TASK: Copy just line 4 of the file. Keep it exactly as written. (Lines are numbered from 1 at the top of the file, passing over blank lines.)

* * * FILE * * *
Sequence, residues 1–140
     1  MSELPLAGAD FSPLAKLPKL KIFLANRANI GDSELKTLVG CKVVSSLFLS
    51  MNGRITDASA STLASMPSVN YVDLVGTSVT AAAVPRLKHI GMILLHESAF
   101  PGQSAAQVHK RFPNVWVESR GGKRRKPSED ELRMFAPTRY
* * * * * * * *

   101  PGQSAAQVHK RFPNVWVESR GGKRRKPSED ELRMFAPTRY